Corporate enthusiasm for the return to incentive travel can often create urgency. Lead times are decreasing, and the decision to move forward with an incentive program has been described by many as “last minute.” The challenge of quick turnaround time is compounded by the fact that hotels and DMCs are fielding high volumes of RFPs. Budgets continue to increase, often out of necessity.
While inflation has been a challenge for businesses and employees alike, incentive professionals are responding with program adjustments, especially with gift cards, merchandise, and points programs. The IRF’s Industry Outlook for 2023: Merchandise, Gift Cards and Event Gifting reported that 50% of North American respondents believe high inflation increases the value of non-cash incentives. While gift cards may not buy as much as they used to, receiving a non-cash incentive may be a particularly welcome gesture when household incomes are stretched, and discretionary spending is more limited.
The IRF’s Academic Research in Action series offers additional insights into how incentives professionals are adapting programs in response to inflation. The research shows that non-cash rewards provide a flexible means of increasing an employees’ total rewards package without incurring fixed costs or creating long-term expectations and “entitlement effects.” While inflation has increased the costs of reward merchandise, a points program can manage inflation by simply adjusting redemption levels.
Incentive travel is harder hit by inflation. The Incentive Travel Index reported that inflation is the top concern as incentive travel professionals look to the future. Inflation outranked “attracting and retaining talent” as the top challenge, with 85% of North American respondents and 73% from the rest of the world citing inflation and rising costs as the top concern.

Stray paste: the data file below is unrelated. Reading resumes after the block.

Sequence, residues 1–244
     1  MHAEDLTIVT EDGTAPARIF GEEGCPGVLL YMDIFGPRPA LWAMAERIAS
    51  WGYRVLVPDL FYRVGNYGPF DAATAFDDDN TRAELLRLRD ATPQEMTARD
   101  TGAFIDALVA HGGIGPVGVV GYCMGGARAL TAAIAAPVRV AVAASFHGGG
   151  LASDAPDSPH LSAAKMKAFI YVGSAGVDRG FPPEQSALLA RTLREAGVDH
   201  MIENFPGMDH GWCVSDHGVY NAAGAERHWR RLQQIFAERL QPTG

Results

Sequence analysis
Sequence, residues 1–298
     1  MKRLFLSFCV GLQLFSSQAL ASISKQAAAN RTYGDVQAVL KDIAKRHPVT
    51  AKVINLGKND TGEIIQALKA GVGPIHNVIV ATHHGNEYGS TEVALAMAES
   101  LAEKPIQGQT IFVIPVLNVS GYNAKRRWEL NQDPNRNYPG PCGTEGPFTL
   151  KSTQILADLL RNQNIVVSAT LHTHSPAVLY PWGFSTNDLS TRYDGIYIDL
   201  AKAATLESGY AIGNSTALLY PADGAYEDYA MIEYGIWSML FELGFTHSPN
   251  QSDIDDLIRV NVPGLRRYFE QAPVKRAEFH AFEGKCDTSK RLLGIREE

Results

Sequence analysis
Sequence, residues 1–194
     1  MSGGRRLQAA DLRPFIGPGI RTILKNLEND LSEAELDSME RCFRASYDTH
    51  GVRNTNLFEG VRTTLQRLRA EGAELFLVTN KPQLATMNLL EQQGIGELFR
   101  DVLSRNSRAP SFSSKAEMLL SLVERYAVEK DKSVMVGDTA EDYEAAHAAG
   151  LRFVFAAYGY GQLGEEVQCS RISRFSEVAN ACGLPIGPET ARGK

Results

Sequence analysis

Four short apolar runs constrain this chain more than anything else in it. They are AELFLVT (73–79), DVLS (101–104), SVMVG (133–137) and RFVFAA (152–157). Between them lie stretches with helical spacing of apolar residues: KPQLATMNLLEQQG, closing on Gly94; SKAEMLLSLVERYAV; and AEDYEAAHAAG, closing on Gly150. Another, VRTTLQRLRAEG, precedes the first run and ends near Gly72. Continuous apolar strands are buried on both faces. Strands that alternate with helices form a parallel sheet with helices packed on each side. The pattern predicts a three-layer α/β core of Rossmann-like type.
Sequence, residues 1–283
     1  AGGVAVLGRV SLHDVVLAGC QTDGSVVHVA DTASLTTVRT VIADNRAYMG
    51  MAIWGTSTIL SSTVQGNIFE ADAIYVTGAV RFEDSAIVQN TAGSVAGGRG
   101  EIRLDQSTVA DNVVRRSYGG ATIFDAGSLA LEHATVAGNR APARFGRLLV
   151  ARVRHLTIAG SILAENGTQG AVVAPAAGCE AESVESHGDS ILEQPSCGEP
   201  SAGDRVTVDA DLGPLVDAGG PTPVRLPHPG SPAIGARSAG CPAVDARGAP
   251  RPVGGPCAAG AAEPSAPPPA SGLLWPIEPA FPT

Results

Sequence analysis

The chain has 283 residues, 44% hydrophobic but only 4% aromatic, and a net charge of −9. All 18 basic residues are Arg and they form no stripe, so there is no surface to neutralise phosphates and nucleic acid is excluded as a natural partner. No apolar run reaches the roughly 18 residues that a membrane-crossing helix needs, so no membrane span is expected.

The industry-wide attitude that “we’re all in this together” during the COVID crisis is waning. Suppliers have noted that incentive clients who were once accepting of COVID related issues are increasingly losing their patience. They expect services to be delivered at pre-COVID levels, particularly where costs are higher than pre-pandemic. An incentive planner explained, “We can’t lower the bar but increase costs, especially if we are selecting a luxury hotel. The COVID, supply chain, or staffing shortage excuses are not something we want to hear today if we are paying the same cost or higher as pre-COVID.” A third-party provider added, “Long after operation, suppliers are not getting us program wrap up details, invoices, and reconciliation in the same quality or speed they once did.”
Incentive travel planners are pressured to put together programs on compressed schedules, so they expect suppliers to respond to RFPs within a few days. In Incentive Expectations and Reality in The Hospitality Industry, hotels reported their average response time as slightly faster than what planners expect, with 50% of hotels reporting they respond on average within a day or two. On average DMC response to RFP’s is slightly slower than what planners expect with 53% of planners expecting responses within a few days, and 47% of DMCs reporting the ability to meet that expectation. Some planners have noted that response time continues to be longer when sourcing internationally.